Her father is remembered now in Shahidlar Khiyabani (Martyrs' Avenue), but also, more importantly, in Mesme's memory as a kind, caring family man, forever with a smile on his face. She remembers the trips he took her on to the other districts of Azerbaijan. The memories are particularly sharp every 20 January, when the nation comes together in commemoration. Her parents going to meetings in Azadliq (Freedom) Square; the explosions heard on the night of 19-20 January; television going off air; her father leaving, saying, Something's going to happen. Joining the unarmed protests he was shot near what is now the Hyatt Regency.

Surgeons operated by lamplight, but the bullets had also been "doctored" and he succumbed after a two-day struggle for life.

Of course, the loss was devastating for the family.

Who wants to be left without their father? I had no brother, the family was left without a man.... 31 December (New Year) was always his favourite holiday; we still lay an extra place for him.

Perhaps it made me stronger, as it taught me how to struggle against life's problems. On 20 January we took a step towards independence and I am proud of my mother and father for that. If it came to it, I would fight for Karabakh, for my native land.

 As “Constable” in Twelfth Night
Future Hopes

As Mesme takes her memories and talent into the future, she has both hopes and fears. She does not share the pessimism of those who see an old guard of famous actors passing into the wings without replacement.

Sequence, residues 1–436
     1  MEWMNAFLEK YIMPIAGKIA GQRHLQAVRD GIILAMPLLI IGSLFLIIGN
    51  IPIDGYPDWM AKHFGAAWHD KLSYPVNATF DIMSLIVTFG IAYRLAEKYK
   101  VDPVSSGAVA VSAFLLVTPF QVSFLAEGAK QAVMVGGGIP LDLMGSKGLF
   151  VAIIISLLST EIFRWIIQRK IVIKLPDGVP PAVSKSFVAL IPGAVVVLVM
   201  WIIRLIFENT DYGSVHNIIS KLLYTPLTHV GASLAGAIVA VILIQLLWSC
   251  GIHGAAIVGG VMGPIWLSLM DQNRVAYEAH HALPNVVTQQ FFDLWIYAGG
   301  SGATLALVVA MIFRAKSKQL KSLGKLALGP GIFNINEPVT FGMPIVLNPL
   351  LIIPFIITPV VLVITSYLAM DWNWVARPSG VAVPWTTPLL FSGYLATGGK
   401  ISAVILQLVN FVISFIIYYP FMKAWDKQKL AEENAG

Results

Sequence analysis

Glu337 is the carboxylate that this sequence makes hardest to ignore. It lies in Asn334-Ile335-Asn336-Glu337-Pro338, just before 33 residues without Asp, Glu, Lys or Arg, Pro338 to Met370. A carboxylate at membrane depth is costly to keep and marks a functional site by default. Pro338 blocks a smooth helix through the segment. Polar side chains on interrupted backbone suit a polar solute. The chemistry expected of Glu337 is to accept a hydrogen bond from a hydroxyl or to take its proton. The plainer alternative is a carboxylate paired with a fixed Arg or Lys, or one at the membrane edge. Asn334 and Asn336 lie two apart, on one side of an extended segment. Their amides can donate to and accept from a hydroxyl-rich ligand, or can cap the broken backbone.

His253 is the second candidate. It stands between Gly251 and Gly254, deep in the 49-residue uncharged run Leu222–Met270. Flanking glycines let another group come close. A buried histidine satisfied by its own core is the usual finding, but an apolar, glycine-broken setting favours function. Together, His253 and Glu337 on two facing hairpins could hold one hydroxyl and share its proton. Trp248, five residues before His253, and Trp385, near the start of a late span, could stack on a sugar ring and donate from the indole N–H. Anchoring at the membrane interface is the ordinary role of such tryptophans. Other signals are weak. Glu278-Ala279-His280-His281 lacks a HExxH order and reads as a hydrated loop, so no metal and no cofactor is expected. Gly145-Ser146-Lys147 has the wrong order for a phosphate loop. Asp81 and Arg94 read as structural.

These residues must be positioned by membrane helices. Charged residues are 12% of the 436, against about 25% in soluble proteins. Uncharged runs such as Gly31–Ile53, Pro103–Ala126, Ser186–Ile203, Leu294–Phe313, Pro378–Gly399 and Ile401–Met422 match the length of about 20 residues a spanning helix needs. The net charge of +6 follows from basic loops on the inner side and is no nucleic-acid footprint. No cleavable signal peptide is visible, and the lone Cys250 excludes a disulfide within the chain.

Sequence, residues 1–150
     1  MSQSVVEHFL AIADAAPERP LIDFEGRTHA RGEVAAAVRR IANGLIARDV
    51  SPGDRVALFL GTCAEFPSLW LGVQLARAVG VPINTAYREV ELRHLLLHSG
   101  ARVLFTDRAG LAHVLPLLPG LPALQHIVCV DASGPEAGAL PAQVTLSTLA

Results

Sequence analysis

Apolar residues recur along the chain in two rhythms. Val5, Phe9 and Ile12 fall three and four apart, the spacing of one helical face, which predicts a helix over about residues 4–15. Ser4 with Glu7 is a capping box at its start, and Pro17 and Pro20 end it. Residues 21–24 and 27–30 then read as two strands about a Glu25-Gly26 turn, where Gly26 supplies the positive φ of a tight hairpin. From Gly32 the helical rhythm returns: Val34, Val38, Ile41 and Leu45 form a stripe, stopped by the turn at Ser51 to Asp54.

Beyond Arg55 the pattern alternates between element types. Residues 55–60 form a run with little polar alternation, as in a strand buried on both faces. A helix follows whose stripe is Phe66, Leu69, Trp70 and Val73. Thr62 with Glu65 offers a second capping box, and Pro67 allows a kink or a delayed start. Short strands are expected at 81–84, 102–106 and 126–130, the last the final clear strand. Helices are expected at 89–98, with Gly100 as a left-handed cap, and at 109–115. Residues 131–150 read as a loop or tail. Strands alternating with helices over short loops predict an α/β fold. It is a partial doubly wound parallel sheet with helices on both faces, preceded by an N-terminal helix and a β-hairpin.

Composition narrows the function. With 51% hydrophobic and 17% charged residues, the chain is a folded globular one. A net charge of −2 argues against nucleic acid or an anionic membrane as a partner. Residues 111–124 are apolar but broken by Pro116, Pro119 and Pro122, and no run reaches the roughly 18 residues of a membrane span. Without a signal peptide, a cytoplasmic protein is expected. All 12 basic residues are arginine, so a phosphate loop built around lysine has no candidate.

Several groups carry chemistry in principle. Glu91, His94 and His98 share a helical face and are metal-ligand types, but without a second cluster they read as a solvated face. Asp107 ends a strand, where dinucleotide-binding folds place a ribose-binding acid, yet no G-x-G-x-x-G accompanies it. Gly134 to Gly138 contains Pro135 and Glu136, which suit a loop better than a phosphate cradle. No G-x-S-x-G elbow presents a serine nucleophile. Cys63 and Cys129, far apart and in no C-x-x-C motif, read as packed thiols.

There are different demands on today's actors and there are some talented young ones. There are many musicals now, more skills are required and we need good dance and vocal teachers.

She is more concerned that a new generation of directors emerges to work with these young actors. She has hopes of some, but after Turabov and Nematov it has been a problem to find directors who really understand theatre and actors. As for writers, she detects a disturbing trend for some writers nowadays to go for the sensational:

A play should touch your inner world…

At the suggestion that she could try her hand at writing or improvising plays herself, she harks back to last year’s production of Shakespeare’s Twelfth Night, which began with a group of actors from different theatres assembled by Azer Pasha Nematov. They rehearsed and gave a free performance at the Actors’ House, with Mesme playing three roles. It was then taken up by the National Drama Theatre and was also performed in Moldova. It was a good experience, she says, but difficult, because actors need to live and cannot afford to give up the television and commercial work they need to subsidise their commitment to theatre.

The show must go on, however, and as the theatres end their summer break, Mesme Aslan qizi looks forward to attracting a new generation to the limelight.